Failed US Presidential candidate, and Utah Senator, Mitt Romney says he is not sure if he will endorse President Donald Trump for the second term. He added that he won’t necessarily support anyone during the 2020 campaign.
The former Republican presidential candidate, who lost his bid for the nation’s highest office when he was trounced by President Barack Obama, told reporters, “I don’t think endorsements are worth a thimble of spit,” adding, “I wouldn’t be surprised if I stay out of the endorsements.”
The Utah senator thinks that it’s very likely that Trump wins the 2020 election due to the current strong economy, albeit “it’s not a sure thing.” He thinks it’s still too early for endorsements.
Romney has attempted to set himself up as the elder statesman while being on the wrong side of most issues that Americans support, according to polling.
Romney has been one of the keenest critics from the GOP of Donald Trump on occasion, nevertheless supporting him on other issues. Trump endorsed Romney’s run for Senate after Romney had asked for it.
Romney was against the president’s plan to apply tariffs on Mexico as a strategy to curb the flow of illegal immigrants into the United States even though the issue was supported in large numbers by the American people.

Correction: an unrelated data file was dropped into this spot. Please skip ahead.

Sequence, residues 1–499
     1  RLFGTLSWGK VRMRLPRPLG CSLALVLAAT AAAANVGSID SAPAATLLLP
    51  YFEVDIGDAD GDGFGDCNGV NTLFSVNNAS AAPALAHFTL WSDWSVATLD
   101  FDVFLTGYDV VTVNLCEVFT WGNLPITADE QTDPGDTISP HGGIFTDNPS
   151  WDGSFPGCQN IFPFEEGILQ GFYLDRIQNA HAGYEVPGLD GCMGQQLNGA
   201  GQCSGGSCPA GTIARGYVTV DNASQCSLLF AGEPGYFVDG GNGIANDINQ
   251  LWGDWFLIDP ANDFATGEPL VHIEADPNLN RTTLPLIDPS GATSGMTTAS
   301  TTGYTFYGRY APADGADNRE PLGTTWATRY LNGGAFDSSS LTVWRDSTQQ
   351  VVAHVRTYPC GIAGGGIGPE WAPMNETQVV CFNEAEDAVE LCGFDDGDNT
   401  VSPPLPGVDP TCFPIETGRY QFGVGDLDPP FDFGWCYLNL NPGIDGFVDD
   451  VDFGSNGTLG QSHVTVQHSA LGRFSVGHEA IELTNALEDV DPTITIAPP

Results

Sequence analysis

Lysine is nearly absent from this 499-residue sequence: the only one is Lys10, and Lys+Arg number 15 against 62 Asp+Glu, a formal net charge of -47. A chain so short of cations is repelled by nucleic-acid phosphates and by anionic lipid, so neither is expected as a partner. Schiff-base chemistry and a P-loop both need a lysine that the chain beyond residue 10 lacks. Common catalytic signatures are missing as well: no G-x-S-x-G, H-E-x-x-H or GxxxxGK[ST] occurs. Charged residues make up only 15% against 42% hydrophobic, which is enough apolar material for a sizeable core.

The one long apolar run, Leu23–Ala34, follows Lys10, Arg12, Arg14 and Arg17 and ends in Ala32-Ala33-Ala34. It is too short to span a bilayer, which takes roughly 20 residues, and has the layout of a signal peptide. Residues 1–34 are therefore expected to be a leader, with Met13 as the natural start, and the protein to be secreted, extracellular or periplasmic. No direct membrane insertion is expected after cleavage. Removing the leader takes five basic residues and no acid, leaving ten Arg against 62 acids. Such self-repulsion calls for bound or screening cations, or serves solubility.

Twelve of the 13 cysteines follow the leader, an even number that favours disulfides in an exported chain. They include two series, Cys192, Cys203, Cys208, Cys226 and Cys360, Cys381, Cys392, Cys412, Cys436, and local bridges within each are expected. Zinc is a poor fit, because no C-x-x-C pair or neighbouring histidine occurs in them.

Romney and other critics of the plan are seen to have been a bit too hasty in their criticism. The president and Mexico reached a deal on Friday to avert them with Mexico promising to send 6,000 more troops to its own southern border and beefing up security along the border with the United States.
Romney is in the same line of thinking as the aforementioned, “Punishing Mexico in some way is, in my opinion, a very bad idea. It’s also expensive for Americans,” he said before the threats bore fruit on Friday.
On the other hand, the senator was supportive of Trump’s imposition of tariffs on China, saying that they have been violating international free-trade rules.
“President Trump was right to push back hard on China, and I support that effort,” he said.
He also warned about underestimating China, saying that they are increasingly innovative on technologies such as A.I. He said he would have instead assembled an alliance to present a united front to China.
“I don’t think there’s much recognition in the United States about the long-term issues with China,” he said during a speech at the E2 Summit. “We haven’t laid out a real comprehensive strategy to say, ‘How do we up our game dramatically?’”